|Kate Cacciatore||With the environmental, obviously different capitals. I wonder if you could tell us a little bit about the the context of the the capitalist coalition and the different protocols that have emerged as a framework to support and the work of impact practitioners such as yourself.|
|Sonja Haut||Yeah, Thanks, Kate. Conceptual response and a practitioner’s response on the conceptual side, the issuance of the Natural Capital protocol helped, of course to give credibility to the environmental impact side of our work and then later, as the social and human capital came about, we made sure that on the wording side and in a for, for all the principles put out by the capitalist coalition with which they aligned with with that at the same time, one cannot possibly think back.|
|Sonja Haut||But the notion of UN SDGs wasn’t that widespread at that point in time. So when we started off with impact valuation in 2015, they weren’t issued yet. But at the same time, certain elements of thinking around capital that are non-financial, that that thinking had taken hold. And intriguingly, one of my colleagues in the role of a of a country CFO picked that up and wanted to use this framing actually to introduce a new country president.|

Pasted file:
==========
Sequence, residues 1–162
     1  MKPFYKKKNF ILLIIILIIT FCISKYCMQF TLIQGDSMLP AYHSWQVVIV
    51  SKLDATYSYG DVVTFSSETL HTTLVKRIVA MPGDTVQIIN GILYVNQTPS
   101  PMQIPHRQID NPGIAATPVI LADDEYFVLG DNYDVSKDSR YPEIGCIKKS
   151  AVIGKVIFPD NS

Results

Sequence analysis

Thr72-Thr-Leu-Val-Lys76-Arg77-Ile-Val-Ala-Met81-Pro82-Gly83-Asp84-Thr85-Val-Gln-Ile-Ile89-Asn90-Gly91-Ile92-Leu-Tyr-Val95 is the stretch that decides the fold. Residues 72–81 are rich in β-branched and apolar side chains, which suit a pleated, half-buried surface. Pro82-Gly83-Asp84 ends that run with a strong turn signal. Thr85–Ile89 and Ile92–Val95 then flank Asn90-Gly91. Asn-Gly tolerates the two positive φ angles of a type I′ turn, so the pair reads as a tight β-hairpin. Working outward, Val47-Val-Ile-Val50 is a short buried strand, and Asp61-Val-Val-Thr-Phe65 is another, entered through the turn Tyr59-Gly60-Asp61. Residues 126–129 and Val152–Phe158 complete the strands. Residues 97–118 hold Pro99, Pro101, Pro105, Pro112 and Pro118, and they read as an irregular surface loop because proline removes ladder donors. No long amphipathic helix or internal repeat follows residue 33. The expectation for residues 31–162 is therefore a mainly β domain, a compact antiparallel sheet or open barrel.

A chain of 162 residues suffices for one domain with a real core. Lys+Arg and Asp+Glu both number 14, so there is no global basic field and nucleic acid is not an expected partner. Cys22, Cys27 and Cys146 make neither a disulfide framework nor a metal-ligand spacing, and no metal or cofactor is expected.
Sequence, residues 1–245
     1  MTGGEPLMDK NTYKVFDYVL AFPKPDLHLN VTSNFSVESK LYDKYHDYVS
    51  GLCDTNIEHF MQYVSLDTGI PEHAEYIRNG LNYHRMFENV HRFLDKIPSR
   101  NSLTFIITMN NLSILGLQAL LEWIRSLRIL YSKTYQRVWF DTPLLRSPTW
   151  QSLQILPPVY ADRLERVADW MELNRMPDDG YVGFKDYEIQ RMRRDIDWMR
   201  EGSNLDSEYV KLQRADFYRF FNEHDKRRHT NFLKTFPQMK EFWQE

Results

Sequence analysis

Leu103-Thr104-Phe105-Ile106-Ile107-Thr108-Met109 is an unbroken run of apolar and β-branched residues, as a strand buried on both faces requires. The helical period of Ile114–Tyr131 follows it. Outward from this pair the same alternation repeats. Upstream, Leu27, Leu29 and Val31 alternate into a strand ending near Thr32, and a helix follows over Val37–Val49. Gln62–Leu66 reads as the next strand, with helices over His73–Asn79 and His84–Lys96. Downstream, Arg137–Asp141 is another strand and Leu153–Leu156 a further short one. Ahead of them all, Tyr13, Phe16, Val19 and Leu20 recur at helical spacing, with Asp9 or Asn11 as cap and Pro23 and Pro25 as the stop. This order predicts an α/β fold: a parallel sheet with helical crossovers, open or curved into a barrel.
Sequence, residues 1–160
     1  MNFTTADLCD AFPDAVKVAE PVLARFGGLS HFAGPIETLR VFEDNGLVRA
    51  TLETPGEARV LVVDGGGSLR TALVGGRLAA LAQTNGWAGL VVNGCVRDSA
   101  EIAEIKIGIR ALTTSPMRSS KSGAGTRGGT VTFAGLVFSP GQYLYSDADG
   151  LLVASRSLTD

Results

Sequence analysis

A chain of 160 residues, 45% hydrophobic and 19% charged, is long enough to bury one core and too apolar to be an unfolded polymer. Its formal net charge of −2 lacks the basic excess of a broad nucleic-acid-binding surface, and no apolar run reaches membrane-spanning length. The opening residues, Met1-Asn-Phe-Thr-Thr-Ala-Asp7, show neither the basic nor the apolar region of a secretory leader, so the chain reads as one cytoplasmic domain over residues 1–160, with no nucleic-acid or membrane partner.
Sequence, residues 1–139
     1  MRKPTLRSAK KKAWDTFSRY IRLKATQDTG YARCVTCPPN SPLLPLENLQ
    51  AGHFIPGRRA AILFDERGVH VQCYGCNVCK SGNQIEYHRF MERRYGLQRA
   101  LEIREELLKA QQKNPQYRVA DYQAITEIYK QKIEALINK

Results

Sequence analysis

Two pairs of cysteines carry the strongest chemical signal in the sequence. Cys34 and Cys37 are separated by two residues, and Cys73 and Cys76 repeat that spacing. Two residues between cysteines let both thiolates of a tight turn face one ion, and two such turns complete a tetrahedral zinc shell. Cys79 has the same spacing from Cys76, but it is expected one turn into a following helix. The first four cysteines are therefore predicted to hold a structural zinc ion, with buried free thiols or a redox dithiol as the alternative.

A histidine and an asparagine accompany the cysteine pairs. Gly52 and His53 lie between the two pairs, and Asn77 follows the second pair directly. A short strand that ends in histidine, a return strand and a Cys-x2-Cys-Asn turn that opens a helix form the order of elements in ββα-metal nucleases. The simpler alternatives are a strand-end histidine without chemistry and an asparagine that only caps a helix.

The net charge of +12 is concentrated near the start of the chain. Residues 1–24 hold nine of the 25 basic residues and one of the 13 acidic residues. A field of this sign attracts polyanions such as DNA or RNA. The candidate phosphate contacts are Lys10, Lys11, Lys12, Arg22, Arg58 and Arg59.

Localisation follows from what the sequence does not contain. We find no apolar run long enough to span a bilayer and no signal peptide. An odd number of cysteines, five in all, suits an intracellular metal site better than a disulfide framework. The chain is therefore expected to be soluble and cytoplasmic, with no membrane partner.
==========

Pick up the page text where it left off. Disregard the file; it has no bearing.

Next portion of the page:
|Sonja Haut||And actually he was sort of challenging me on whether whether the data I had on on his country could be used in that spirit and what was missing, basically, and and how whether that could be validated by the leading national think tank to actually get that contextualized. And I felt this super powerful and we started to actually call the entire activity a co-creation because this is pretty much what, what was necessary.|
|Sonja Haut||I, I hadn’t I admit I hadn’t dare to propose to frame the entire impact valuation work that we called social, environmental and economic impact evaluation pretty much sober along what it is and the no marketing name around it. But I wouldn’t have dared to give it that framing. And it was really with that country CFO running with this and actually framing it that way, that was one option of expressing that to an example that Marcus said and that was later followed by others.|
|Sonja Haut||So but not everything that we see now is was of course evident at at the beginning. But I think the power of the impact valuation approach is that we can say it’s has been field tested through different lenses across the globe and different variants and with different areas of emphasis. So I do continue to believe in its transformative power.|